In addition to his success as a show host, Griffin also found success as the creator and producer of game shows. He created and produced the popular television game show Jeopardy! in 1964 for NBC, originally titled What's the Question? After Jeopardy! was initially canceled in 1975, Griffin produced its successor, Wheel of Fortune, which premiered in January 1975 and was canceled in 1991. Both shows have since been revived, with syndicated versions remaining on the air today. Other game shows Griffin worked on, either as creative consultant or producer through his production company Merv Griffin Entertainment, include spin-offs of his original shows Wheel 2000 (1997), Jep! (1998), Rock & Roll Jeopardy! (1998), Click! (1997-1999) and Headline Chasers (1985). Additionally, Merv Griffin Entertainment produced the syndicated game show Merv Griffin's Crosswords in 2007, produced in association with Program Partners and the William Morris Agency. It only lasted one season on NBC-owned stations in New York, Los Angeles, Chicago, San Francisco, and Dallas, ending in May 2008.
Jeopardy Song Royalties
In a 2005 interview with the New York Times, Merv revealed that up to that point alone he had earned $70 to $80 million in royalties from the Jeopardy theme song. To date, the total amount earned (paid to his heirs to this day) is easily north of $100 million. Oh, and by the way, he wrote the music in 30 seconds.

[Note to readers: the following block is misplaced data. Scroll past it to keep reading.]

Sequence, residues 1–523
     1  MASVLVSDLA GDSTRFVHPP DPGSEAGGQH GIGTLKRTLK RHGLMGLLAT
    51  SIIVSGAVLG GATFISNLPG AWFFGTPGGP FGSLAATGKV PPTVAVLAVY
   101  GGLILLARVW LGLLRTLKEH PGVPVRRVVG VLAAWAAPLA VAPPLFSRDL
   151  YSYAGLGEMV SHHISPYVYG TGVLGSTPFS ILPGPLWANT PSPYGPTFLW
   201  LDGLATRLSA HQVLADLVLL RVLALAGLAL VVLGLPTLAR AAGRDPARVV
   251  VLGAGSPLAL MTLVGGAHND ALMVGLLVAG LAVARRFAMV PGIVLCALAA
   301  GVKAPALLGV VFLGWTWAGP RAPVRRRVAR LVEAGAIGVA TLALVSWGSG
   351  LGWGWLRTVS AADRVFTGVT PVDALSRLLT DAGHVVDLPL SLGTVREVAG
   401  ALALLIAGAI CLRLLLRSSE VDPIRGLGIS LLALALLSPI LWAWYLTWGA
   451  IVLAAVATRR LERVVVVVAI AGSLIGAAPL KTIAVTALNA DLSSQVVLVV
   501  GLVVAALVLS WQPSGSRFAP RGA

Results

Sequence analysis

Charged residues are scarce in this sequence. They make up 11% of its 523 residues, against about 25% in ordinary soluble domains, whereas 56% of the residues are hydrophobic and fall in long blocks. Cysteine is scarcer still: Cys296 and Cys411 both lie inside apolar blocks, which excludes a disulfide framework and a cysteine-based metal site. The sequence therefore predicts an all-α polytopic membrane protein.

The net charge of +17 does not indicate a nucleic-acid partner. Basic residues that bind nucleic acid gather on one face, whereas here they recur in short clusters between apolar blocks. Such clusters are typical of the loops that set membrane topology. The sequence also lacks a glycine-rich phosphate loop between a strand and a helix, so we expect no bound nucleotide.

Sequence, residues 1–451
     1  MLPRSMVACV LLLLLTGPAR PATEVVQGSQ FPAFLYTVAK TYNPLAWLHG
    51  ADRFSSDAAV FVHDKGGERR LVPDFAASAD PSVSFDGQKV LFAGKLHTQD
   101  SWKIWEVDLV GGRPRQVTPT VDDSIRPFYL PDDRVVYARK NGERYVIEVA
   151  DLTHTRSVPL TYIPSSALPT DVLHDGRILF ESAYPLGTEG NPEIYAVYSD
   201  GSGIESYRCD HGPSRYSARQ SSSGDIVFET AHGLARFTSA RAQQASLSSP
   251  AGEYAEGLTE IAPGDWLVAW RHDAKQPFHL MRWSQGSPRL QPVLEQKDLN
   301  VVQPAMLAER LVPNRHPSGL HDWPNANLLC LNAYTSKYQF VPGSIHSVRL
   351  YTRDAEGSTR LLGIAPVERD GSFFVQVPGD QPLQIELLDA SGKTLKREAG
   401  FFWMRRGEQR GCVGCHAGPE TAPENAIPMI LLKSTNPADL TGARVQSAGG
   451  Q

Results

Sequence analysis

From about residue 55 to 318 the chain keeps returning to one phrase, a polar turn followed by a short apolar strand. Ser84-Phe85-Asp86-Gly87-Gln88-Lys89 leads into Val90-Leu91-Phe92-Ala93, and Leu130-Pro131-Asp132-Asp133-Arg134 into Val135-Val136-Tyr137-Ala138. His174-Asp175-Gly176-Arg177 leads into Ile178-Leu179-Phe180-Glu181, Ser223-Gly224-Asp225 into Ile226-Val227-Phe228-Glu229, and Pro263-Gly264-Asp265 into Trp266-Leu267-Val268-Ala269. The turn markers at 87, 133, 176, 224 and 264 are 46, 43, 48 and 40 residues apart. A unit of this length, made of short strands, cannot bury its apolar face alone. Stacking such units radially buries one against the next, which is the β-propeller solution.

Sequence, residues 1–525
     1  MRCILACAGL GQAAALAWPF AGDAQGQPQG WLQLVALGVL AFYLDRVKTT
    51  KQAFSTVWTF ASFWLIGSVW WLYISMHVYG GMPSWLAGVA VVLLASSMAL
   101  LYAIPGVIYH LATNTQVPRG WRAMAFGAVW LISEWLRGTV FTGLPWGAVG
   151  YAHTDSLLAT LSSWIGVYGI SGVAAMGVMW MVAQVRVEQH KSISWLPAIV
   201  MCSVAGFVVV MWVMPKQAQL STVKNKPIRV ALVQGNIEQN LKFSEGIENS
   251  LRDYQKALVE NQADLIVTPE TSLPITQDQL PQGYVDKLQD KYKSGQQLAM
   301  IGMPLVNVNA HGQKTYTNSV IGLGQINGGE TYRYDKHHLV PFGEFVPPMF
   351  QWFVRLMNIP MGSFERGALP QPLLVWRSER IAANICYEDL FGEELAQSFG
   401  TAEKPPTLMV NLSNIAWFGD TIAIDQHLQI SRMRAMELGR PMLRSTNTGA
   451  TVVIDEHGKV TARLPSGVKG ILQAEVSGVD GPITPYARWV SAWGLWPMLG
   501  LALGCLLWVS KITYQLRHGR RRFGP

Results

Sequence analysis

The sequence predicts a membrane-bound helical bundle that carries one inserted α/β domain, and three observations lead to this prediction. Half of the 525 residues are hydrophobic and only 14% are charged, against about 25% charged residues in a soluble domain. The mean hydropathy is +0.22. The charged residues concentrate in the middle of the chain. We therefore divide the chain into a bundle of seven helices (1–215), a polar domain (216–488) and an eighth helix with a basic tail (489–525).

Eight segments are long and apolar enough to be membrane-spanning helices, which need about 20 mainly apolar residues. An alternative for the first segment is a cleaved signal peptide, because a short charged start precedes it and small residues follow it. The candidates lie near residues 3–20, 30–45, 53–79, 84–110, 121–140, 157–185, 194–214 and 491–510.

Griffin founded Merv Griffin Enterprises (originally Milbarn Productions, and then Merv Griffin Productions) in 1963, and it was through this production company that he created his many shows. Upon his retirement in 1986, he sold the company to Columbia Pictures Television, which was a unit of The Coca-Cola Company, for $250 million. At the time, it was the largest acquisition of an entertainment company owned by a single individual. However, after the sale, Griffin still retained the title of the creator of Jeopardy! and Wheel of Fortune.
His other business ventures include forays into real estate, with his purchase of the Beverly Hilton Hotel in Beverly Hills, California, in 1987. He continued to acquire real estate, including purchasing the Paradise Island Resort and Casino in the Bahamas from Donald Trump for $400 million, later selling it for just $125 million. Other properties he owned include the Merv Griffin Givenchy Resort & Spa in Palm Springs, California (now The Parker), and St. Clerans Manor, a boutique hotel on an eighteenth-century estate near Craughwell, County Galway, Ireland. Thanks to his buying spree of hotels, Griffin's wealth was said to be around $1.2 billion in 2003. That's the same as around $2 billion today after adjusting for inflation.
He did encounter some business struggles when he sought bankruptcy in December 1989 for Resorts International Inc., the hotel and casino operator he had purchased in 1988. It was the holding company for casinos in Atlantic City and the Bahamas.
Personal Life and Death
Merv Griffin was married to Julann Wright from 1958 to 1976, and the couple had one son together. Griffin was first diagnosed with prostate cancer in 1996, and the disease returned in 2007. He was hospitalized at Cedars Sinai Medical Center in Los Angeles, where he passed away on August 12, 2007, at the age of 82. His estate was sold for $7 million.